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He had further deterioration leading to an altered sensorium and both urinary and faecal incontinence. The CD4 cell count was 172 cells/µL. Routine hematological investigations revealed a mild anemia (10.3 g%) but his biochemistry profile was normal. A repeat contrast enhanced magnetic resonance imaging showed T2 and FLAIR hyperintensities in bilateral cerebellar hemisphere, right middle cerebellar peduncle, pons, and medulla. Compared to the previous scans, progression of nonenhancing lesions was noticed in the pons and medulla. The repeat CSF fluid examination was normal [Table 1], with negative staining for various organisms including the JC/BK virus. In view of the radiological evidence of an increase in the number of brain lesions, his simultaneous clinical deterioration, and the negative CSF staining, the possibility of neuro-IRIS was kept. Patient was empirically started on steroids (methyprednisolone 1 g intravenously for 5 days followed by oral steroids which were continued for 6 weeks) and ATT was also given. From a progressive downhill course, he had sustained improvement. Over a period of next 4 to 5 days, he regained continence for urine and stool, had improvement in dysarthria, and could walk with minimal support. At the second follow-up, he could walk unsupported. His subsequent MRI was repeated which showed considerable regression of the lesion [Figure 2]. At a follow-up of 1 year and 3 months, the patient had only minimal residual dysarthria.
|Figure 2: Comparison of T2-weighted MRI axial images at the pons and middle cerebellar peduncle level reveals an increase in the extent of the lesions in scans performed in (a) February; (b) March; (c) later regression in the September scans|
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In the above case, the patient had an ongoing tuberculous infection in the lung parenchyma and lymph nodes. Reintroduction of antituberculous treatment and HAART led to the development of neurologic symptoms within 2 months. Despite introduction of HAART, the patient had a progressive downhill course until steroids were added. Within days of addition of steroids, the patient started showing clinical improvement, which is sustained till date. The other differential diagnoses with such lesions include progressive multifocal leucoencephalopathy (PML); lymphoma; infection by toxoplasma, varicella-zoster virus, herpes simplex virus, and cytomegalovirus; HIV encephalitis; or, acute disseminated encephalomyelitis. Most of them were excluded based on the radiological findings, negative cerebrospinal fluid stains, and the improving trend in CD4 counts. A brain biopsy was not done in this case because of the sustained clinical improvement, potential hazards of the procedure, and brainstem and cerebellar location of the lesions. His ATT has been stopped and he continues to be on HAART. He most likely has neuro-IRIS without coinfection although it could be argued that in the post-HAART era, the sensitivity rate of CSF JC/BK virus in PML is around 57.5% according to one study. Among the Indian studies, the mean survival of patients with PML is around 8 months. Only time can give the final answer. A proper identification of the disease and maintaining a high index of suspicion are important factors in the successful management of neuro-IRIS. Although these manifestations are a result of upgrading of immunity due to the addition of HAART, under usual circumstances, stopping the HAART is not recommended as these conditions are often self-limiting. This case highlights the need to consider neurological immune reconstitution inflammatory syndrome as a differential diagnosis in those cases where a temporal relationship of the clinical deterioration is linked to the upgrading of immunity.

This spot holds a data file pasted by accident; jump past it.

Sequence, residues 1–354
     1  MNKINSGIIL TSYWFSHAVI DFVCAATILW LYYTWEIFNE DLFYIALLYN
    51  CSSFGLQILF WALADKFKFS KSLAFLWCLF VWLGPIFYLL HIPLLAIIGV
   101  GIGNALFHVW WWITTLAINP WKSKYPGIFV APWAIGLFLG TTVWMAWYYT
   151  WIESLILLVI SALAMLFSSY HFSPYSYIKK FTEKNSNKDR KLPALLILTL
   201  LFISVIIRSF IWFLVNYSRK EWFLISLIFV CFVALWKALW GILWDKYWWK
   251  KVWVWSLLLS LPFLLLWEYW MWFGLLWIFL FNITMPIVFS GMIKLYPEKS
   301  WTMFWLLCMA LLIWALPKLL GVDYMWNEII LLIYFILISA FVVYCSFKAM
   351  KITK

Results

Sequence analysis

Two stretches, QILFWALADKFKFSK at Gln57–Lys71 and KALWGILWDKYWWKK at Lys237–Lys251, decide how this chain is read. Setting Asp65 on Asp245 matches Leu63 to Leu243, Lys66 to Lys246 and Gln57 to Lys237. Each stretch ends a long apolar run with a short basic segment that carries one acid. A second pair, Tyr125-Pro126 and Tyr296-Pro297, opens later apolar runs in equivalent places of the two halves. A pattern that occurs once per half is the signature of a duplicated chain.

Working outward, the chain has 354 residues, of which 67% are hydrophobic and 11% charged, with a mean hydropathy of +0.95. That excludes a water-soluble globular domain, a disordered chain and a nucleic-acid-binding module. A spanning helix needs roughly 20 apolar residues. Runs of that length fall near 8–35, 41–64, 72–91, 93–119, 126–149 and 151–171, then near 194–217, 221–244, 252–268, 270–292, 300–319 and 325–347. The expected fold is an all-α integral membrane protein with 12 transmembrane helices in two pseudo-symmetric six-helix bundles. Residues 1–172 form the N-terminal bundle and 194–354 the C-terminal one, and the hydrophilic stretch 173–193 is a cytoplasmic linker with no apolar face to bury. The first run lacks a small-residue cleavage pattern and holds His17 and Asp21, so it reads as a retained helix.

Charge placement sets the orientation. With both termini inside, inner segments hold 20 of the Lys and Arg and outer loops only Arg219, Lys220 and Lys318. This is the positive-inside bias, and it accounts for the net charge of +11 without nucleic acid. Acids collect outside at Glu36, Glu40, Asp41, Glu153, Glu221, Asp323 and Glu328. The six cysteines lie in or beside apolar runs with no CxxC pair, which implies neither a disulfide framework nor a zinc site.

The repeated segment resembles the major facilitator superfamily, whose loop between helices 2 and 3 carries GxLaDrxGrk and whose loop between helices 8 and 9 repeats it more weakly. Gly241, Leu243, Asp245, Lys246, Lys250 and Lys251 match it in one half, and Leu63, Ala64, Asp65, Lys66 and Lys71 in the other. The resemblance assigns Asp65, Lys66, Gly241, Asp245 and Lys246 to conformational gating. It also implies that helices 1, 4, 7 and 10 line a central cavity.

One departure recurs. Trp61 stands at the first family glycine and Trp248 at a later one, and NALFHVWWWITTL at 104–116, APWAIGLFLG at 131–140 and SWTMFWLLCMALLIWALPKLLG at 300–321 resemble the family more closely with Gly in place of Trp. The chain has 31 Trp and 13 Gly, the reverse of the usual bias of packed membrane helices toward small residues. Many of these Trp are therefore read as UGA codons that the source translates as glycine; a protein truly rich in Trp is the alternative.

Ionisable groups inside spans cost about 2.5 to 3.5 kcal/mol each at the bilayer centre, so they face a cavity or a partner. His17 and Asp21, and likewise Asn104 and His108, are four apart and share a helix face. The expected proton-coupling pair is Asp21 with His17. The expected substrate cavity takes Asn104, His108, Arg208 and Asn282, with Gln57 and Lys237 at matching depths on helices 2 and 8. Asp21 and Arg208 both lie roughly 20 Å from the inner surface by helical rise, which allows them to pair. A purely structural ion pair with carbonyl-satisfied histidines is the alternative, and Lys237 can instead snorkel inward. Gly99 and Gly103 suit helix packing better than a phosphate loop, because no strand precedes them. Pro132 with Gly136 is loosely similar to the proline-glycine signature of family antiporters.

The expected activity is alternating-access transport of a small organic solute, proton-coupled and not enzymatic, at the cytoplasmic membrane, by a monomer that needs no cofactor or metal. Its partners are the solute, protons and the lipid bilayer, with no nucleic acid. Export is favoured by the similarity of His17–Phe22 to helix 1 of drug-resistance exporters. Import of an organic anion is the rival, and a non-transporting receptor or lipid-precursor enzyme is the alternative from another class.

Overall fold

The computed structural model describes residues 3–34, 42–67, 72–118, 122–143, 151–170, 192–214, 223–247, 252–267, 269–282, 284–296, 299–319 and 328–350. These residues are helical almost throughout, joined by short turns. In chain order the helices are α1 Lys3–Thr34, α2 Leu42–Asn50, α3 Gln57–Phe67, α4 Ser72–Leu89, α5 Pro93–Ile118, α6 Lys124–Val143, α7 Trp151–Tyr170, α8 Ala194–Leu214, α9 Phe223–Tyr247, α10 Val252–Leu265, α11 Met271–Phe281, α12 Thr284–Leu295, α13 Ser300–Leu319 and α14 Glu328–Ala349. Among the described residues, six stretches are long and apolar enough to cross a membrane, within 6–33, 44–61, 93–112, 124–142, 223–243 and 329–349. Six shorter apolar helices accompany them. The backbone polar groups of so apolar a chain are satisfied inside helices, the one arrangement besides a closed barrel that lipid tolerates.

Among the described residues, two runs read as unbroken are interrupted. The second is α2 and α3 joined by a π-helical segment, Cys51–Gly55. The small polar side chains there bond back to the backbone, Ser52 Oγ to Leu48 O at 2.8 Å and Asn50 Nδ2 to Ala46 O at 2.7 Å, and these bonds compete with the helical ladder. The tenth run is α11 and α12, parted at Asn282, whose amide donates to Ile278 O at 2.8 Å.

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Conflicts of interest
There are no conflicts of interest.
| » References|| |
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[Figure 1], [Figure 2]